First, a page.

Lakeyta Bonnette, a Georgia State University political science professor, said more and more celebrities like Beyonce are moving toward public activism. In 2014, basketball superstar LeBron James and other NBA players wore “I can’t breathe” T-shirts to their basketball games: “I can’t breathe” were the last words of Eric Garner, a black man who died after a physical altercation with police in New York City.

But some people have complained that Beyonce injected politics into a sports event. On Monday’s Fox & Friends, former New York City Mayor Rudolph Giuliani slammed her tributes to black activism during the halftime show when performers are “talking to Middle America.”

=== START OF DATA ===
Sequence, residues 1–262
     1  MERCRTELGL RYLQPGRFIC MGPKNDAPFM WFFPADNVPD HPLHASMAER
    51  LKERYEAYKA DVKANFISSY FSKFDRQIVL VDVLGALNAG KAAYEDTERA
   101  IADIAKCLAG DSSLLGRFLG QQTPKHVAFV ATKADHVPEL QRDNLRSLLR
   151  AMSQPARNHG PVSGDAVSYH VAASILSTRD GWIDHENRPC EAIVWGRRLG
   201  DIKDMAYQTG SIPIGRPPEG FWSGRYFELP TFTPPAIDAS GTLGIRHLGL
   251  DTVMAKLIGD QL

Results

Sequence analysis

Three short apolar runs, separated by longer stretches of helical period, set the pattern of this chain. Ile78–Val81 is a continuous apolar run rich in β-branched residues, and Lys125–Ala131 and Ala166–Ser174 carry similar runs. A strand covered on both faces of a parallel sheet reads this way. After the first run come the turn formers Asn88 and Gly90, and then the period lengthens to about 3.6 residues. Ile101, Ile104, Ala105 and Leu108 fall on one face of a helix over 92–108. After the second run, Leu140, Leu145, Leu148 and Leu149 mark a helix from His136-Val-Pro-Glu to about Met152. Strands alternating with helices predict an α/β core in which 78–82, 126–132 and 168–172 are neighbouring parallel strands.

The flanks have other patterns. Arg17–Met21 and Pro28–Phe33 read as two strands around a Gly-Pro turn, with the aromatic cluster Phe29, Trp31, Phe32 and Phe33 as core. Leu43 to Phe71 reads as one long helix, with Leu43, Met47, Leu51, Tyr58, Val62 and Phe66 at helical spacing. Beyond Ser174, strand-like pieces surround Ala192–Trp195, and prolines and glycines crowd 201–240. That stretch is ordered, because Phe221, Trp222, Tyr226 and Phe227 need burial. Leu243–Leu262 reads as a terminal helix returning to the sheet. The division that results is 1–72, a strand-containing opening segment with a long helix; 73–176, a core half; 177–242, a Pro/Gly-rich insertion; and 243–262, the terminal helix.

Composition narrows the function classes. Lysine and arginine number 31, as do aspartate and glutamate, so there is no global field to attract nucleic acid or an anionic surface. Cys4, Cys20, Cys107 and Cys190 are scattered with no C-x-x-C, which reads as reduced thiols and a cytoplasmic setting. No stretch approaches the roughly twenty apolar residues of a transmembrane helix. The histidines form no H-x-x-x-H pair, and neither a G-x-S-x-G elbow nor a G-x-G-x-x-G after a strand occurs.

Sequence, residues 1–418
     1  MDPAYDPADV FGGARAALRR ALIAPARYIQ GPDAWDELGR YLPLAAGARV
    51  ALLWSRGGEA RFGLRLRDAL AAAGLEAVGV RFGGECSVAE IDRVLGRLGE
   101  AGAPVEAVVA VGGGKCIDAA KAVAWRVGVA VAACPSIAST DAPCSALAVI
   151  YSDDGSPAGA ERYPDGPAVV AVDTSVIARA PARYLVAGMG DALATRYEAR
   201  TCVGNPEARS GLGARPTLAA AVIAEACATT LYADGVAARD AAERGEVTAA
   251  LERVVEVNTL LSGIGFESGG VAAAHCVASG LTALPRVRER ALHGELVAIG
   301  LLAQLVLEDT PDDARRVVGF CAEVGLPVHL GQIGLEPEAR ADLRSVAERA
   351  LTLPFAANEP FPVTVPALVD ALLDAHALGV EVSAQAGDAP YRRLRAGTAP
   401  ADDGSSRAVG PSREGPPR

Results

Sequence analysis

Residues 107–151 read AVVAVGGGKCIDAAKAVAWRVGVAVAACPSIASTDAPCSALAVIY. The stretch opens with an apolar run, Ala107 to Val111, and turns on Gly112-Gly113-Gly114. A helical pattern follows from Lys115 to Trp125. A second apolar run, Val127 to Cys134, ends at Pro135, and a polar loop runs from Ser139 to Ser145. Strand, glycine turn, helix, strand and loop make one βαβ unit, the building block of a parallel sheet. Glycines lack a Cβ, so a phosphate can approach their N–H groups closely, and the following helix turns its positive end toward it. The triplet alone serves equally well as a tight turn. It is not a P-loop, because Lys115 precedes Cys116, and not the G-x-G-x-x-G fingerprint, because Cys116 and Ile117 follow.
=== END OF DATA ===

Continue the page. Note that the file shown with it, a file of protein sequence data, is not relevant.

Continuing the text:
“I thought it was really outrageous that she used it as a platform to attack police officers who are the people who protect her and protect us, and keep us alive,” said Giuliani, who said he would have preferred “decent wholesome entertainment.”

To be fair, it wasn’t just Beyonc� that the 71-year old Giuliani didn’t like. He called the whole halftime show “ridiculous.”

“I don’t know what the heck it was. A bunch of people bouncing around and all strange things. It was terrible,” he said. “Actually don’t even know why we have this. I mean, this is football.”


Jesse J. Holland covers race, ethnicity and demographics for The Associated Press. Contact him at jholland @, on Twitter at and on Facebook at


tvN Cheese in the Trap Episode 7